Gaining access to assistive technology (AT) devices can be an arduous task, especially when funds are low and insurance coverage isn’t available.
Equipment loan and recycling programs aid people who want to try out different devices, or who need to borrow equipment while they’re waiting for a device to be approved by insurance, or who can’t afford to pay out-of-pocket.
MDA offers reused/recycled AT through its loan closets. Depending on availability, people registered with MDA can borrow — for free and for as long as they need them — used communication devices, computers, power wheelchairs, scooters, lifts and other technology. (Equipment must have been prescribed through an MDA clinic.)
MDA’s loan closets also enable people to try expensive technical equipment before making a decision. This is especially valuable with an eye-tracking communication system, where time is needed to ensure it’s a realistic option for the user.
When equipment is no longer needed, families are encouraged to return it to MDA for use by others.
For Tara Webb of Arroyo Grande, Calif., an equipment loan program has helped her reclaim independence — and her voice.
|Tara Webb, who received a diagnosis of ALS in March 2004, uses a MyTobii eye-tracking communication device that she’s borrowing from an equipment loan program. Webb, who spends most of the day in bed, can produce speech, and communicate with doctors and caregivers. She also stays in touch with family and friends via the Internet.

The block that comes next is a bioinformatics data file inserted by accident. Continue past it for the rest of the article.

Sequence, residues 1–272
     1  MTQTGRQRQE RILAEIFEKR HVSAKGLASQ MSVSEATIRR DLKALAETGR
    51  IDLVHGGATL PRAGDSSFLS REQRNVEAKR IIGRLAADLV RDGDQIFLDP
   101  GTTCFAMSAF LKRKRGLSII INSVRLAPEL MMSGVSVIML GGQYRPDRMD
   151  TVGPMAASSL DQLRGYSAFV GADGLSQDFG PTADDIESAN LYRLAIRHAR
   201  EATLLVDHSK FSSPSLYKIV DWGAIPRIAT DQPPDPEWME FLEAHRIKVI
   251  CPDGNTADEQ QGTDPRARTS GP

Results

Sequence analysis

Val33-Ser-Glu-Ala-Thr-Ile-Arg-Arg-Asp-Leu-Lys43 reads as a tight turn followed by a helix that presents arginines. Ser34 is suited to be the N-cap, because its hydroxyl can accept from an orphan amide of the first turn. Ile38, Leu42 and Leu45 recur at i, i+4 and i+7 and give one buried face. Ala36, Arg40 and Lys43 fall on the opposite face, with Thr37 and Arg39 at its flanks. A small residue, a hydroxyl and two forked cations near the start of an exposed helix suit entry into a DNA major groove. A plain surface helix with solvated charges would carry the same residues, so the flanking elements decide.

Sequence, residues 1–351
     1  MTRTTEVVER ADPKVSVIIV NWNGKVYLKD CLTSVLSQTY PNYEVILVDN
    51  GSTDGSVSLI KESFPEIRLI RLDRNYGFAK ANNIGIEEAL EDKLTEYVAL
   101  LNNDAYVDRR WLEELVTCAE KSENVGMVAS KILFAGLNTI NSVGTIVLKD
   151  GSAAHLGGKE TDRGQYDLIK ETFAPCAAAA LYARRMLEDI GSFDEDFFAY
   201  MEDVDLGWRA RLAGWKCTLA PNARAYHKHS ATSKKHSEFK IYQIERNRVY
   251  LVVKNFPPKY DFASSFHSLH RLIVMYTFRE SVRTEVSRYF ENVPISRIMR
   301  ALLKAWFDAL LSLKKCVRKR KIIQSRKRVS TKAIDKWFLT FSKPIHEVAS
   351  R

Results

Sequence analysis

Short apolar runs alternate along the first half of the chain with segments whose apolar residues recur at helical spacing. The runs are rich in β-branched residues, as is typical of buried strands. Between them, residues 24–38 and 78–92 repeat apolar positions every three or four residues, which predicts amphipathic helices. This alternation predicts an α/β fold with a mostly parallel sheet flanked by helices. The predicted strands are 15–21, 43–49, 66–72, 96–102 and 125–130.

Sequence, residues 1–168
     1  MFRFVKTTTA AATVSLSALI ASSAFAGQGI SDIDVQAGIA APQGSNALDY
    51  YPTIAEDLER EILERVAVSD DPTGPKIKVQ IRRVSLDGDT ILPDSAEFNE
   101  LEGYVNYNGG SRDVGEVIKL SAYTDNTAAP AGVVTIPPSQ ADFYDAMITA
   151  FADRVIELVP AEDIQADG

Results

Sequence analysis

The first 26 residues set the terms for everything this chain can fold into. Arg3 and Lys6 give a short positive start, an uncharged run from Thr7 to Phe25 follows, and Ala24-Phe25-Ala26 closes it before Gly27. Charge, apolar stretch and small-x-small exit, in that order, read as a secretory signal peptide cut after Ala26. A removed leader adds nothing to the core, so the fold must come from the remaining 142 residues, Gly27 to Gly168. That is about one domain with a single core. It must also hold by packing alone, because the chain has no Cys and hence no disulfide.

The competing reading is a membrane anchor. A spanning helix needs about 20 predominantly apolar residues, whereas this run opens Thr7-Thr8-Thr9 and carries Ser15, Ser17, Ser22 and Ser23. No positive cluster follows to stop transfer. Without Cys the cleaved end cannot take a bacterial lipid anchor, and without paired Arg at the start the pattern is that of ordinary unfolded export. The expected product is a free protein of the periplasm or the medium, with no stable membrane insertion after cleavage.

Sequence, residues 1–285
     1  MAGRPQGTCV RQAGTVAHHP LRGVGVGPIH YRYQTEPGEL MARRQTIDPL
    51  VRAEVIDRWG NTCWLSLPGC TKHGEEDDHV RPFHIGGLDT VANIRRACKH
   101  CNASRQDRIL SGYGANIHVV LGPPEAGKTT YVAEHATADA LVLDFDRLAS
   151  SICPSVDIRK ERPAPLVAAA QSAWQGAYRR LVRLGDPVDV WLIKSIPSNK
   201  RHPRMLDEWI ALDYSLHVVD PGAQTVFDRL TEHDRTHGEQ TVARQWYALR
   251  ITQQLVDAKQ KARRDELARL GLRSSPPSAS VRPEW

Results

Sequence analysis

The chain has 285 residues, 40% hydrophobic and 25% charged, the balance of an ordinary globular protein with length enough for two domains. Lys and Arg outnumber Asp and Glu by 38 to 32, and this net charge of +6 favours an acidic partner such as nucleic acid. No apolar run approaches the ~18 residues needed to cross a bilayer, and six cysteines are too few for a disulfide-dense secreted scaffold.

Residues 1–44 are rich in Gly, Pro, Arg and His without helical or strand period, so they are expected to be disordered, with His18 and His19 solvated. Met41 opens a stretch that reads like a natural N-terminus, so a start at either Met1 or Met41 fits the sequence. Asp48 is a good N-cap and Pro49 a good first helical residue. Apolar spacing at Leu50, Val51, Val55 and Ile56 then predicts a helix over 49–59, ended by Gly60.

Webb, 56, who cannot speak or use her arms and legs due to ALS, was denied Social Security benefits and doesn’t qualify for Medicare, so she relies on her private insurance for coverage. Unfortunately, her insurer has denied coverage for a communication device, despite appeals.
Luckily, the loan program had a device for Webb to borrow every time she needed something, “which made the frustration with the insurance company a bit more tolerable,” Webb wrote via e-mail.
During this time, Webb borrowed a Lightwriter and a Mercury device that she accessed via a foot switch. When her foot muscles deteriorated, she was put on the waiting list for an eye-tracking communication system.
After quite some time, an ERICA eye-tracking system became available, but Webb was unable to use it. So, she went back on the loan closet waiting list for a MyTobii system.
'Back on the radar’
After a year on the waiting list, Webb learned that the loan closet had a used MyTobii P10, a speech-generating device that also acts as a fully functioning computer.
|While equipment availability varies nationwide. MDS's loan closets offer access to durable medical equipment, including communication devices, for people with ALS.
It was donated to the loan closet after the previous owner died; he received the device through insurance, and used it for almost two years to generate speech and play chess.
“It’s important for people to realize that [communication] systems that are no longer needed and just taking up room in their home could be life-changing for someone else if they choose to donate the equipment,” said Amy Roman, an augmentative communication specialist and speech-language pathologist at the Forbes-Norris MDA/ALS Research Center in San Francisco.